LET’S TALK ABOUT HATE, 26.7.17
RIC-Edinburgh co-sponsored this meeting with Muslim Women's Association of Edinburgh Speaker:- Smina Akhtar, PhD researcher at University of Bath Facilitator:- Zahreen Taj - Muslim Women's Association of Edinburgh Smina talked about the government's Prevent strategy, supposedly targeted at 'extremism' but in effect and attempt to criminalise the Muslim community in the UK. Scotland Against Criminalising Communities has produced the following briefing paper What is the ‘Prevent’ Strategy? Prevent is a controversial and intrusive UK government strategy supposedly intended to stop people turning to terrorism. The STUC, the UCU, the EIS, the NUT and the NUS are all opposed to it. SACC believes that the best way to oppose Prevent is by boycotting it. The Government’s Prevent strategy is supposedly intended to stop people being “radicalised” and turning to terrorism. Its application in public sector workplaces is escalating under provisions of the Counter Terrorism and Security Act that came into force in the summer of 2016. The Government says that Prevent aims to "protect" vulnerable individuals who are at risk of being drawn into terrorism, with a particular focus on “international” terrorism. Its effects are much wider than that. Prevent is trying to change the way we think about Britain's wars in the Middle East. It works by casting suspicion on Muslims. It is turning public sector workers into spies for the government. The Prevent strategy was introduced in 2003 as part of the UK’s overall ‘Contest’ counter-terrorism strategy. It remained secret until 2006 and has undergone a series of changes over the years. The Counter-Terrorism and Security Act (CTSA) 2015 gave Prevent a statutory basis for the first time. Provisions that came into effect in summer 2016 require specified public bodies in England, Wales and Scotland to “have due regard to the need to prevent people from being drawn into terrorism.” Guidance issued under the Act links this requirement to the Prevent strategy. "the Prevent strategy and Channel programme insofar as they apply to schools must be repealed and abandoned." Rights Watch UK, July 2016 The Prevent strategy is part of the UK’s counter-terrorism strategy and is therefore reserved to Westminster, but it is implemented in Scotland through Scottish public bodies (eg local authorities, schools, HE and FE colleges, the NHS, Police Scotland, the prison service) and so mainly involves functions that are devolved to Holyrood. Prevent deals with views and conduct that are not criminal, but that are supposedly “extremist” and that the Government regards as being linked to terrorism. According to guidance issued under the CTSA and approved by Parliament, Prevent deals with all kinds of “violent extremism”. But the guidance has an Islamophobic twist, because it has an additional focus on “Islamist extremism”, whether violent or not. Thousands of Scottish public sector workers (teachers, social workers, university and college lecturers, NHS staff etc) have been trained in Prevent. The training legitimises the institutional harassment of Muslims and promotes an Islamophobic outlook in the majority community. The training encourages workers to report service users or colleagues thought to “vulnerable to radicalisation” to the police. The police may then trigger a multi-agency case conference involving social workers, teachers etc where appropriate. This may result in the person concerned being encouraged to "voluntarily" participate in a "de- radicalisation" programme. In England and Wales this process is called "Channel". In Scotland it is called "Prevent Professional Concerns" (PPC). It is shrouded in much greater secrecy than the “Channel” process. "Prevent is an attempt to recruit civil society into a kind of open conspiracy against Muslims." Richard Haley, SACC Briefing, November 2009 There have been thousands of Channel referrals in England and Wales. But according to figures recently obtained from Police Scotland there have been just 3 PPC referrals since 2011, all of them of people described by police as “white Scottish”. Police say there have been no referrals since October 2013, even though the wider Prevent strategy has been sharply stepped up in Scotland since then. It seems likely that police and public-sector officials in Scotland have been targeting people over Prevent concerns without triggering the PPC process. Individuals affected are apt to be unwilling to talk about their experiences. Information about these interventions and their effects is extremely sparse. Prevent can result in counter-terrorism police gathering intelligence on innocent people (including children) and their families. Strathclyde Police said in 2010: “The Force’s priority in respect of CONTEST Prevent is to gather actionable intelligence in relation to International Terrorism, Irish Related Terrorism, domestic extremism and public order matters.” Police and government officials deny that Prevent, as it currently operates, is about intelligence-gathering. But the secrecy surrounding Prevent, and official tenacity in implementing it despite the absence of visible results, suggests otherwise. Prevent, the Workplace and the Law Section 26(1) of the Counter Terrorism and Security Act (CTSA) requires public bodies specified in the legislation to "have due regard to the need to prevent people from being drawn into terrorism". This is a very general requirement and subject to wide interpretation. Clarification provided by "duty guidance" issued under the CTSA is only to "assist" public bodies in deciding what the duty means. They are required only to give "appropriate weight" to it, and to consider all the other factors. Public bodies are forbidden under UK law from violating the European Convention on Human Rights. This takes precedence over other requirements unless domestic law allows no choice. The CTSA’s Prevent-related requirements are so vague that they are unlikely to trigger this exemption. There are many areas of potential conflict between Prevent and Convention rights. Failure to implement, comply with or cooperate with Prevent is not a criminal offence. The Home Secretary can seek a civil court order against bodies ("specified authorities") listed in the CTSA, requiring them to carry out specific actions to implement Prevent. The Home Secretary has no power under the CTSA to seek a civil court order in connection with Prevent against staff members, trade unions, student organisations etc. Public bodies in Scotland are not under meaningful legal compulsion to impose any measures promoted by Prevent unless an order of specific implement requires them to do so. Why We Must Dissent from Prevent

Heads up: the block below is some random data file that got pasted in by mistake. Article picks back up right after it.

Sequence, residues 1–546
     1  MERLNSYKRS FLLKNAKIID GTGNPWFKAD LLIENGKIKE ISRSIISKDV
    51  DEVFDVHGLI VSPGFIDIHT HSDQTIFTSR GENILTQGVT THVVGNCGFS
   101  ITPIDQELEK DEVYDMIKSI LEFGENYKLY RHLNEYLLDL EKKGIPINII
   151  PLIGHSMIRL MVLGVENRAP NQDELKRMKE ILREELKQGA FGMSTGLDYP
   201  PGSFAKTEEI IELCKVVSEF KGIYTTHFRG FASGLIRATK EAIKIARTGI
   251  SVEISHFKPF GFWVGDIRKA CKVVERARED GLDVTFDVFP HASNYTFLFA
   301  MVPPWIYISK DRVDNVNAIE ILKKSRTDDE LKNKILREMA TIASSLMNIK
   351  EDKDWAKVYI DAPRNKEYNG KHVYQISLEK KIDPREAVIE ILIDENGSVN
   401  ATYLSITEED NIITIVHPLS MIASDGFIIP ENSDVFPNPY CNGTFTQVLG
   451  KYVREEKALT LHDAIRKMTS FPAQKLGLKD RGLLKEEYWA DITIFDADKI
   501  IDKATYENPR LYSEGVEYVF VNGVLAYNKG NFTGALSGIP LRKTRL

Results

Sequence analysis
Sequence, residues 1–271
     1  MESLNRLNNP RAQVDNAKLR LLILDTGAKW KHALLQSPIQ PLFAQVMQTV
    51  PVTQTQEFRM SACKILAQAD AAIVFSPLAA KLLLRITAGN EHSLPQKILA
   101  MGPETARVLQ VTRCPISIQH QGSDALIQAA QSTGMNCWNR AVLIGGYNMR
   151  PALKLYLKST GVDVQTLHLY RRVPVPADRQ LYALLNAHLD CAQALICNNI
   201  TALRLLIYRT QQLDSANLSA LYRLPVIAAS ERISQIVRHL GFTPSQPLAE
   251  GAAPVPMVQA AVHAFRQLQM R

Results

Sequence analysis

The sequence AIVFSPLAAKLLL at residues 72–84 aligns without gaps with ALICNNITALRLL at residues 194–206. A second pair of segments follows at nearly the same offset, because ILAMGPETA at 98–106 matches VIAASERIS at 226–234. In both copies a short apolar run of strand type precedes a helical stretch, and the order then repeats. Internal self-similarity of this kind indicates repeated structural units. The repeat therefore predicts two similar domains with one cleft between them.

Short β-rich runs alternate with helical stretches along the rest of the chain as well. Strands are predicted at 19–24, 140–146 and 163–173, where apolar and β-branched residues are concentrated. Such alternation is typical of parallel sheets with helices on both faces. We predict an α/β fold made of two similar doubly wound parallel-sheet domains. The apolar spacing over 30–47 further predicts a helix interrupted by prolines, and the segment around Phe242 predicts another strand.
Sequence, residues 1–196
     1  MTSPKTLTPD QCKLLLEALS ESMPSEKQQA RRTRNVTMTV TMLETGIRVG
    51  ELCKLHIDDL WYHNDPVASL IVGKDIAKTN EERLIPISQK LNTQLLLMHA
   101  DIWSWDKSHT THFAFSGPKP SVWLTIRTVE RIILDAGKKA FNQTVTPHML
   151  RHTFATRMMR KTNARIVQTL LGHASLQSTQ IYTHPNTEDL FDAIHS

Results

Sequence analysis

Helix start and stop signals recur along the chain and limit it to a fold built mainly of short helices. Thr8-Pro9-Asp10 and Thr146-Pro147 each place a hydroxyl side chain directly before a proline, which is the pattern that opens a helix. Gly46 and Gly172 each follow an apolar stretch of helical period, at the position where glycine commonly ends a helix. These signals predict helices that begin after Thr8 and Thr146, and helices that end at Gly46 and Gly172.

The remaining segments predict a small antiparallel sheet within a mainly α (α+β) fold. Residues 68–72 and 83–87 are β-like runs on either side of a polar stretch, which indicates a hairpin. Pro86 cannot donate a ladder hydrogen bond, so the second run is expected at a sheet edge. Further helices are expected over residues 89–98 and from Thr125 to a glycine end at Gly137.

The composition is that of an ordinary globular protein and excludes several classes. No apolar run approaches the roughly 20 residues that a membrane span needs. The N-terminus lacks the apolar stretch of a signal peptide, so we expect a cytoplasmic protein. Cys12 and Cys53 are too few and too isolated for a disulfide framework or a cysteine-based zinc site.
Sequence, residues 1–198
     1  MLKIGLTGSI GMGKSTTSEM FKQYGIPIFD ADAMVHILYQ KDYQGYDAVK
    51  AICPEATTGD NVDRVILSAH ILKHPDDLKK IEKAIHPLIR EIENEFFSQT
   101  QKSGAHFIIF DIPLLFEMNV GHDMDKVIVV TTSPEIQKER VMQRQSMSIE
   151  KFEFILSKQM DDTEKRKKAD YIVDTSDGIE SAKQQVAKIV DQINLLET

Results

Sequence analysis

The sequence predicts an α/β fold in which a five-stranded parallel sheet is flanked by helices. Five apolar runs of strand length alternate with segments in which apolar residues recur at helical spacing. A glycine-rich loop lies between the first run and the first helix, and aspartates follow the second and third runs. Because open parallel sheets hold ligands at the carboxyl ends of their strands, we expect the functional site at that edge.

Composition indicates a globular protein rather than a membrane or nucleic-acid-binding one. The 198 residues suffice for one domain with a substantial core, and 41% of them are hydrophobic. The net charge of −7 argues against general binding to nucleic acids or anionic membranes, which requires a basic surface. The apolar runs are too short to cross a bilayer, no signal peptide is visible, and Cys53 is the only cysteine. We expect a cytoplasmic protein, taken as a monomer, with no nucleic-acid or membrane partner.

- Prevent is discriminatory.
- Prevent promotes Islamophobia.
- Prevent undermines the confidence of the Muslim community and deters Muslims from participating in political discussion and activity.
- Prevent legitimises ideas that foster the far-right (despite claiming to tackle far-right extremism).
- Prevent is at least as likely to drive people towards terrorism as away from it.
- Prevent is based on a sinister concept of “pre- crime” that threatens all our freedoms.
- Prevent spreads a climate of suspicion.
- Prevent erodes trust between professionals (e.g. in health and education) and those they serve.
- By emphasising pyschological and ideological factors and downplaying the political roots of terrorism, prevent undermines progressive politics.
- The Prevent guidance for Scotland mentions Northern Ireland terrorism and “sectarianism” (ie Catholic-Protestant sectarianism). Any application of Prevent to these problems is likely to exacerbate them.
- By emphasising links between “extremism” and mental health issues (including issues that are very widely experienced), Prevent erodes the civil liberties of people with mental health problems.